HCV, HIV, and Alcohol-Related Diagnoses Increase Risk for ICU Admission

Ventilation, ICU
Ventilation, ICU
Both hepatitis C virus infection and alcohol-related diagnoses remained major risk factors for medical intensive care unit admission between 2010 and 2014, according to data from a national Veterans Affairs electronic health record system.

Hepatitis C virus (HCV), HIV, and alcohol-related diagnoses (ARD) are each independently associated with an increased risk for medical intensive care unit (MICU) admission, according to a national, retrospective, cohort study published in the Journal of Acquired Immune Deficiency Syndromes.1

Data demonstrate that HCV, HIV, and ARD all independently contribute to an increased risk for all-cause hospitalizations.2-4 Quantification of these medical conditions on MICU admission would be useful for identifying new targets for medical intervention.1

Therefore, researchers used data from 155,550 patients in the Veterans Aging Cohort Study to calculate annual MICU admission rates and relative risk for MICU admission between 1997 and 2014 in patients living with and without HCV, HIV, and ARD.

They found that compared with HCV/HIV/ARD-infected patients, the relative risk for MICU admission decreased among patients with HIV, going from 61% in 1997 to 2009 to 21% in 2010 to 2014. However, this risk increased among patients with HCV, going from 22% in 1997 to 2009 to 54% in 2010 to 2014, and remained consistent among patients with ARD, at 46%.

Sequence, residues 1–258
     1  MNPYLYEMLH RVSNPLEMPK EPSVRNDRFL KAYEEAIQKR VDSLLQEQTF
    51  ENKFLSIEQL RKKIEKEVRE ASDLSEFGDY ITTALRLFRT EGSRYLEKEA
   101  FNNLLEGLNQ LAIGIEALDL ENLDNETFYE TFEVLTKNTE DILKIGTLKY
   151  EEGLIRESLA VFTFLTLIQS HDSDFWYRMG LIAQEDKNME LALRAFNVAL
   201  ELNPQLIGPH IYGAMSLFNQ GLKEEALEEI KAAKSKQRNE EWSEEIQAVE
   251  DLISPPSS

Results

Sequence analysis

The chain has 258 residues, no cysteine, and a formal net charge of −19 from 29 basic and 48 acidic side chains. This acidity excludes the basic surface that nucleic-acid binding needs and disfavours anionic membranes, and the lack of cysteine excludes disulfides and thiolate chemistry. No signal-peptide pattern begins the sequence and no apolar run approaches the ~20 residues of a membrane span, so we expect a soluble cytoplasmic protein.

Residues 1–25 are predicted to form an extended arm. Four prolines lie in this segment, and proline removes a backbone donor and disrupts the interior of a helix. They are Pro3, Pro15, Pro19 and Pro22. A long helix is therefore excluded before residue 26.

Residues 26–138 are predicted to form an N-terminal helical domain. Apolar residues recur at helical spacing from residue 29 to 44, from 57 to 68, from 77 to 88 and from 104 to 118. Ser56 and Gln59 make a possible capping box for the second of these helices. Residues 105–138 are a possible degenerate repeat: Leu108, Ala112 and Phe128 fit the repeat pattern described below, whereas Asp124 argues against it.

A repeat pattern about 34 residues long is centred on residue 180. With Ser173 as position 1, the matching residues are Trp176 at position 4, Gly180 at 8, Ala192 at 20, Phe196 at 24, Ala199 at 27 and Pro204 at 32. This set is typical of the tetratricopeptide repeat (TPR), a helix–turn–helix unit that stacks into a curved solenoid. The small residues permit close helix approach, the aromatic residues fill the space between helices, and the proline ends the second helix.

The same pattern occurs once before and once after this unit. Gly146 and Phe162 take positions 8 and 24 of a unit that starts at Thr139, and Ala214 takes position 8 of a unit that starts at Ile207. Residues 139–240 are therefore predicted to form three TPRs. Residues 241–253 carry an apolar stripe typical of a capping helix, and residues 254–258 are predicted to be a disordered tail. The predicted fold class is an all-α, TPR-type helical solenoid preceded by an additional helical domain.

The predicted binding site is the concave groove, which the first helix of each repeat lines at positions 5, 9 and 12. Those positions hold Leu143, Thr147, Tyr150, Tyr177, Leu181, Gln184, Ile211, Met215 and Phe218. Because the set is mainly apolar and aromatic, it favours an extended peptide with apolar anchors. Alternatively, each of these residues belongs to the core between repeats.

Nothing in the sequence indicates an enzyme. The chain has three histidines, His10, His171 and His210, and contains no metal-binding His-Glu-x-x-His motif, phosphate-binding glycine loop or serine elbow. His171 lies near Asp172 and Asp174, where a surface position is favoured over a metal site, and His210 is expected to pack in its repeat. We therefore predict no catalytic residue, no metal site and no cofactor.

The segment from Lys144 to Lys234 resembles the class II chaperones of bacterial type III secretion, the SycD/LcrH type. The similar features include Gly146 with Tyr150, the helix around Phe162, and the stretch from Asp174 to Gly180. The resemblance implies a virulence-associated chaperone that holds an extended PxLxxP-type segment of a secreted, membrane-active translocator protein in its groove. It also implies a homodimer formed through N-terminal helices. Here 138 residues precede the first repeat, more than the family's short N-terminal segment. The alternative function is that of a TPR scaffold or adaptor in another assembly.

Thus, viral infections were shown to be associated with serious health conditions requiring MICU admission, but this association could be improved with effective treatment, as demonstrated in patients with HIV. In addition, ARD continues to be associated with substantial MICU admission, and thus, interventions for this modifiable risk factor are needed.

Related Articles

The authors concluded that, “HCV infection and ARD remain key contributors to MICU admission risk.”1 They added that, “The impact of each of these conditions could be mitigated with [a] combination of treatment of HIV, HCV, and interventions targeting unhealthy alcohol use.”


  1. Rentsch CT, Tate JP, Steel T, et al. Medical intensive care unit admission among patients with and without HIV, hepatitis C virus, and alcohol-related diagnoses in the United States: a national, retrospective cohort study, 1997-2014 [published online October 29, 2018]. J Acquir Immune Defic Syndr. doi: 10.1097/QAI.0000000000001904
  2. Rentsch C, Tate JP, Akgun KM, et al. Alcohol-related diagnoses and all-cause hospitalization among HIV-infected and uninfected patients: a longitudinal analysis of United States Veterans from 1997 to 2011. AIDS Behav. 2016;20(3):555-564.
  3. Crowell TA, Gebo KA, Balagopal A, Fleishman JA, Agwu AL, Berry SA; HIV Research Network. Impact of hepatitis coinfection on hospitalization rates and causes in a multicenter cohort of persons living with HIV. J Acquir Immune Defic Syndr. 2014;65(4):429-437.
  4. Gacouin A, Tadie JM, Uhel F, et al. At-risk drinking is independently associated with ICU and one-year mortality in critically ill nontrauma patients. Crit Care Med. 2014;42(4):860-867.